The influence of Chinese culture on British art and design

By Jo Phillips

The influence of Chinese culture on British design is understated. As a society known for borrowing bits and bobs from other cultures, Chinese influence on art has happened almost naturally under the radar. So, without further ado, let’s take a look at how Chinese culture has impacted art and design, particularly when it comes to interpretations of symbols, motifs, and colours. 

Symbolism and motifs

Over the years, elements of Chinese design and culture have inspired a wide range of British media, including TV shows, books, music, fashion, films, and even online casino games. As Chinese culture has a wide variety of motifs that symbolise luck and fortune, it is no surprise that these elements have become heavily incorporated as ‘good luck charms’ within such media. In fact, some of the most popular online slots are themed around traditional Chinese beliefs regarding good luck, such as Fortune House, Chinese Treasures, Fortune Fest, and Golden Offer, just to name a few. These games incorporate elements like fortune trees, Buddhas, dragons, shiny turtles, fans, lions, koi carp, and fireworks into their graphic design for an authentic take on Chinese culture, making for immersive gameplay. 

Although these symbols are more meaningful and ingrained into Chinese culture, British audiences will understand these elements to symbolise good luck and fortune, thanks to the gradual integration of Eastern society into the West. Let’s look at a citrine money tree, for example – in Chinese culture, the use of citrine symbolises the manifestation of abundance. The tree is said to attract wealth and prosperity, as well as balance the chi energies. Whilst British audiences might not immediately understand the symbolism of the money tree to this extent, we still recognise the tree as a symbol of good luck, which shows the proliferation of Chinese symbolism in wider art, design, and imagery.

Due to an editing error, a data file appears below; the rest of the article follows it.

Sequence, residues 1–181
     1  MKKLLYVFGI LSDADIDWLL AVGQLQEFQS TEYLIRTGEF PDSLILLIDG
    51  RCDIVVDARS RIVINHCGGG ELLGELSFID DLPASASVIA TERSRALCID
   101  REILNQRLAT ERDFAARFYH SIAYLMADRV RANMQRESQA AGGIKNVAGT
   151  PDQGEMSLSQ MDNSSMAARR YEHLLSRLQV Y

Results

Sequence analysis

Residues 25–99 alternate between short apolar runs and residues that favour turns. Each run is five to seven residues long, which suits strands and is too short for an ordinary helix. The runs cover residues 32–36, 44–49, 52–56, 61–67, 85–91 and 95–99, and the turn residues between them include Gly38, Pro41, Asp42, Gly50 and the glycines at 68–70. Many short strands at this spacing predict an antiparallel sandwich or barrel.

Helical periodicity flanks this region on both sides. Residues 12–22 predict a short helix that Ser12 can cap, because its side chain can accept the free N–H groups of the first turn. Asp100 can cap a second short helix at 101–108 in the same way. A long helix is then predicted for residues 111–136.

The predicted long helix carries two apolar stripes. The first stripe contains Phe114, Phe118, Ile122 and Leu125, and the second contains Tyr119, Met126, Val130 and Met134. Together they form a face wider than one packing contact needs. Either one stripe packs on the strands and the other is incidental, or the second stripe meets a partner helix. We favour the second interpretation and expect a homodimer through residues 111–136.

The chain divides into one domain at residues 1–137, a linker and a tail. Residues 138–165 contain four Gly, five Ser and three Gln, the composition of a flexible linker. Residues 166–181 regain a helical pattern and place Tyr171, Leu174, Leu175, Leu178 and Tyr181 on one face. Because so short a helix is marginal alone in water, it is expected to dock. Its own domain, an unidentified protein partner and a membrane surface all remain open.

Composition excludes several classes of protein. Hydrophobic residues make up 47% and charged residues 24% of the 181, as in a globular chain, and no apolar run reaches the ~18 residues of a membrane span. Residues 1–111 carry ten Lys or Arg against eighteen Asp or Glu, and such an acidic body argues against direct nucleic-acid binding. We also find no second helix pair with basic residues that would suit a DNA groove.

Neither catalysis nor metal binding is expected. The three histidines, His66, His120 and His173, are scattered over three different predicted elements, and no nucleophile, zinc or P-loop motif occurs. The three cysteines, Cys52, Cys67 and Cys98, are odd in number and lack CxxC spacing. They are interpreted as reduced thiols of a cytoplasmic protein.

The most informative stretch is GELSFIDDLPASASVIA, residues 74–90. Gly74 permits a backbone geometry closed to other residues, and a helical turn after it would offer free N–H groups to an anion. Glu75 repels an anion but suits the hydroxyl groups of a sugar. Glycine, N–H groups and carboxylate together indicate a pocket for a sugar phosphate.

Colour schemes are arguably one of the most important – if not the most important – elements of design work. Not only will the right colour allow artists and designers to portray their subjects more accurately and realistically, but colour can also influence the mood of the overall design. The ability of colours to evoke specific emotions and influence mood is explained using the study of colour psychology. Put simply, this field of research explores how different colours can trigger certain emotional – and even physical – responses. For example, red typically makes us think of passion and love, purple of nobility, yellow of hope, green of nature, and blue of peace. 

However, colours also play a massively important role in Chinese culture and therefore take on different meanings that can be leveraged in artworks. With this in mind, artists can play around with the different meanings of colours in order to evoke two interpretations or further the depth of the emotion they are trying to achieve. For example, whilst red might make us think of romance, in Chinese culture it is the symbol of good fortune, happiness, and success – the use of red can therefore provide a double meaning, perhaps to show that the subject will have good luck in love. On the other hand, green symbolises healing and health in Chinese culture, which, combined with the inference to nature, can bolster those looking to evoke the feeling of springtime and rejuvenation.  Though the influence of Chinese culture on British art and design has been subtle, the integration has allowed for broader interpretation and more nuanced symbolism

Verified by MonsterInsights